Mansfield teaching assistant was four times over the legal drink-drive limit

A Mansfield teaching assistant who has ‘devoted his life to young people’ was four times over the legal limit when he moved a car he's not legally allowed to drive near his home, a court has heard.

Friday, 16th April 2021, 6:53 am

Police received a tip-off from Mark Kilday's son that his father was driving under the influence and went to his home on West Hill Drive where they found him sitting at the wheel of a blue Honda Civic at 12.30pm on March 28, said prosecutor Neil Hollett.

They saw the key was in the ignition and a breath test revealed he had 147 mcgs of alcohol in 100 mls of breath, when the legal limit is 35 mcgs.

Officers discovered that his licence had been revoked for medical reasons after he suffered an alcohol-related seizure last December.

Sign up to our daily newsletter

The i newsletter cut through the noise

Mansfield Magistrates Court, where Mark Kilday was sentenced.

Kilday told them he had only moved the car 400 metres down the road after issues with a neighbour and had only consumed half a bottle of wine.

Treve Lander, mitigating, said Kilday, who has worked at All Saints School as a teaching assistant for 14 years, was of ‘exemplary character’ and has ‘devoted most of his working life to young people’.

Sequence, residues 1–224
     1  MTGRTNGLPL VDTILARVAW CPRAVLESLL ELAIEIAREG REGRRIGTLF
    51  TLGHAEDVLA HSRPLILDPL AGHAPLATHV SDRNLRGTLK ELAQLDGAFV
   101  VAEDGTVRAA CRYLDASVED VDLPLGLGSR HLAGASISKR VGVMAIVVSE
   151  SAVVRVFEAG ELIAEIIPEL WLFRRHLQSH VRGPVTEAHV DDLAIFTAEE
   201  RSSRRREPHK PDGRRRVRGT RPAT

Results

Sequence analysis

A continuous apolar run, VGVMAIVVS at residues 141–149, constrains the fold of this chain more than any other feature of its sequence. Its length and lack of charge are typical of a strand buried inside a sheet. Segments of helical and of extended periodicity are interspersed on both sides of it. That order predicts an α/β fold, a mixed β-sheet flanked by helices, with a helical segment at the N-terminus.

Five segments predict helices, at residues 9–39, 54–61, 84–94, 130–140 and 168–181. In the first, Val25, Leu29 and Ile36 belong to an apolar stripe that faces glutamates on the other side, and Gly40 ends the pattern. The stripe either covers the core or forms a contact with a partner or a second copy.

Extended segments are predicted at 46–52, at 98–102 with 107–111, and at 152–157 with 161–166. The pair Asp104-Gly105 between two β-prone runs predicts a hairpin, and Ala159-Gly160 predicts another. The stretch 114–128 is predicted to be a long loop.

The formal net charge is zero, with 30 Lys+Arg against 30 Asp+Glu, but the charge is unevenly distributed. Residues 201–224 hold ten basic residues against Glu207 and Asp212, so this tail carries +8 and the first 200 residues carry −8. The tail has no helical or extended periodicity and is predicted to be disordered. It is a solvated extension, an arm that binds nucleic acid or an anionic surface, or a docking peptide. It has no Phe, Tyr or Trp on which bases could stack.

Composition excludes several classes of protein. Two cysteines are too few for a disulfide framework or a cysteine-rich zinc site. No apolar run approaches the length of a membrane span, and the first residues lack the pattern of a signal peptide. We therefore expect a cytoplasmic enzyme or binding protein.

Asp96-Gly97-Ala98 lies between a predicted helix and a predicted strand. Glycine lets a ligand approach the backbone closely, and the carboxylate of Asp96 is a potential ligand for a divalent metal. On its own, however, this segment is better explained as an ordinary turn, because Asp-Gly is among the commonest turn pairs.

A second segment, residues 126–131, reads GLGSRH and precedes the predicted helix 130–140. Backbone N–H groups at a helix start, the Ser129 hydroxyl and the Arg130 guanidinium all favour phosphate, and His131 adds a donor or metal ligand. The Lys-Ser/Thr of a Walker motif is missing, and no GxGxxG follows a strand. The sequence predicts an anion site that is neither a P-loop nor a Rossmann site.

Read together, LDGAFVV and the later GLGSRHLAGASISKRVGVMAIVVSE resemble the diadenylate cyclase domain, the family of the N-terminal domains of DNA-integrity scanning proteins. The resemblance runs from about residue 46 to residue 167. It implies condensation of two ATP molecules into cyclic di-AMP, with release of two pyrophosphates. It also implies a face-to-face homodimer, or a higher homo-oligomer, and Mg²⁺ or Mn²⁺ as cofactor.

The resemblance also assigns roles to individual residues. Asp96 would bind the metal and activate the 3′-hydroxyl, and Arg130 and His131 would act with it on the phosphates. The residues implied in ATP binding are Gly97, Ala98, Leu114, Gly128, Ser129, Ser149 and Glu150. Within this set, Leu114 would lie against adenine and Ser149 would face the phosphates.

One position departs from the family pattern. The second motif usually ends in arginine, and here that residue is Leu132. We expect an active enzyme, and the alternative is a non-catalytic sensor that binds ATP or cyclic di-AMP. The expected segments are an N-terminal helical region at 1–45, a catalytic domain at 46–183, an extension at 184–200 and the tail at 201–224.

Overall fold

"His son was under clear instructions that if he found out his father was driving he was to call the police," he said. "And that's what happened.

"He could have gone down the route of making other excuses, but he made full admissions."

Mr Lander explained that parking was an issue on the narrow road where Kilday lives and he was challenged by a neighbour.

"He jumped into his car and drove it around the block. If that hadn’t happened this journey wouldn’t have happened.

"He was letting the engine idle to charge the battery when the police arrived,” he said. "If he goes into custody he will almost certainly lose his job."

Kilday, 53, admitted drink driving and driving without a licence at Mansfield Magistrates Court on Thursday.

Magistrates commended his family for the support they gave him, but said his alcohol level was ‘one of the highest we have ever come across’.

He received eight weeks in prison, suspended for 12 months, with an alcohol treatment programme.

He was banned for three years and ordered to pay £85 costs and a £128 surcharge.

Editor’s message: In these confusing and worrying times, local journalism is more vital than ever. Thanks to everyone who helps us ask the questions that matter by taking out a subscription or buying a paper. We stand together. Ashley Booker, editor.